Chrysanthemum white rust (CWR), caused by Puccinia horiana, is pathogenic on many Chrysanthemum spp. and close relatives, and infects commercially important florist chrysanthemum cultivars (Chrysanthemum × morifolium) throughout the world. Due to regulations, most research and observations with CWR are done in vitro with symptomatic plants. In contrast, research presented herein is based on microscopic examination of symptomatic and asymptomatic plants collected from natural outbreaks in the field. We observed scattered (not in a linear pattern) telial sori on infected chrysanthemum leaves, stems, and flowers that coalesced at high infection levels. Teliospores were mainly two-celled but occasionally one- or three-celled. Promycelia arose from the apical teliospore cell, the basal cell, or both. The number of basidiospores on promycelia varied from one to four. Germ tubes, arising from P. horiana basidiospores, penetrated the host epidermis directly without appressoria. A mucilaginous exudate formed at the site of attachment and penetration of leaf and stem tissue, as well as on internal cell walls. P. horiana colonization was systemic, with intercellular mycelium and intracellular M-haustoria in both symptomatic and asymptomatic infected host tissue. Hyphal anastomosis was observed within infected plants, suggesting that asexual fusion between different P. horiana pathotypes or genotypes might occur.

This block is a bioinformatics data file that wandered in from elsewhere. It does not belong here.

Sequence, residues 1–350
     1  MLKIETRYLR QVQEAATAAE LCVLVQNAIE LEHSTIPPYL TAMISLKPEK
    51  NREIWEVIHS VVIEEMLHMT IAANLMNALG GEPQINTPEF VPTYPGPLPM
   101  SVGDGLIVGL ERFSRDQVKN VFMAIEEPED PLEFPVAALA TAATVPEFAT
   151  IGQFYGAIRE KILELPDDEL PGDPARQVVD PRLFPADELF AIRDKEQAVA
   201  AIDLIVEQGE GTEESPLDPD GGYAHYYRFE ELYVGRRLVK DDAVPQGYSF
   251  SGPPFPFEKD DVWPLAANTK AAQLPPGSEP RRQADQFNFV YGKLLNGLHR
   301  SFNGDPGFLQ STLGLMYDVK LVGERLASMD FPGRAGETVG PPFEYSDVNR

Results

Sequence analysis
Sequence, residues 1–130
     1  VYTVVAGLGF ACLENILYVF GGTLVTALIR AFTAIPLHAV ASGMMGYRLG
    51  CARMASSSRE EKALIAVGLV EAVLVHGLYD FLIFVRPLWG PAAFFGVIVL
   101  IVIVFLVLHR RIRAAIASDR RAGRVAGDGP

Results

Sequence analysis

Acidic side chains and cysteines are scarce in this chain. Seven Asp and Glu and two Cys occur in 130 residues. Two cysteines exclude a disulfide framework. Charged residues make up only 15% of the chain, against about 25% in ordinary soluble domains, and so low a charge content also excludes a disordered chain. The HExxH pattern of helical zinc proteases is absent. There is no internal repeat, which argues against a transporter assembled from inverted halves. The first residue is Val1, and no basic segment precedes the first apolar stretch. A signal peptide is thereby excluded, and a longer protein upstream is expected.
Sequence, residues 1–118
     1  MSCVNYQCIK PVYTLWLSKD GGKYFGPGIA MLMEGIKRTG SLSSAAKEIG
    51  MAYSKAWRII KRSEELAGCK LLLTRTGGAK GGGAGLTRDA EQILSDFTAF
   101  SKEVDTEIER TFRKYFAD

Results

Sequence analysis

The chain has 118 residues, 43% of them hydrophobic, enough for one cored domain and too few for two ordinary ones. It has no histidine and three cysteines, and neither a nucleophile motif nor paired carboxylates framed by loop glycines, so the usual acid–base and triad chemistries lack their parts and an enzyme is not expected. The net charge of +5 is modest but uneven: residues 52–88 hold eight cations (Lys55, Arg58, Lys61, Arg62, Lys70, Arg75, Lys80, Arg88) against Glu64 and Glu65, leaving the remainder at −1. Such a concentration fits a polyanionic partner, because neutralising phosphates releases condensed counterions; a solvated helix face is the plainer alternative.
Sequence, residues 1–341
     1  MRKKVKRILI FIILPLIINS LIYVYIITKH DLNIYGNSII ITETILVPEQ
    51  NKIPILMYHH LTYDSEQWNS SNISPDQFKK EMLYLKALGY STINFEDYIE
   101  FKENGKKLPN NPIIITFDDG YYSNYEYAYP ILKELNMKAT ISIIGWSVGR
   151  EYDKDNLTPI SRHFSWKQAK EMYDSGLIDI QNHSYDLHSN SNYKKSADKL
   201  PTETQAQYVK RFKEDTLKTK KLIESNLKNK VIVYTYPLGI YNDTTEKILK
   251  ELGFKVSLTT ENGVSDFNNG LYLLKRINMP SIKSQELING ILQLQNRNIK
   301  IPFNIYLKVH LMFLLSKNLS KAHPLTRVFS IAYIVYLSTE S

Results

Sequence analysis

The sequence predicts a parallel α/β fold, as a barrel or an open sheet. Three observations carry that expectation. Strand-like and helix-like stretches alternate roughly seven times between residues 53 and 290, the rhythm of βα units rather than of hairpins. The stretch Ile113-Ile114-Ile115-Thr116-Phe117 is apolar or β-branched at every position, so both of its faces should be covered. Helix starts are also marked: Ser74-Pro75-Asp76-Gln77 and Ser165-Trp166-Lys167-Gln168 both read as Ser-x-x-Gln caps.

All Science Journal Classification (ASJC) codes
- Agronomy and Crop Science
- Plant Science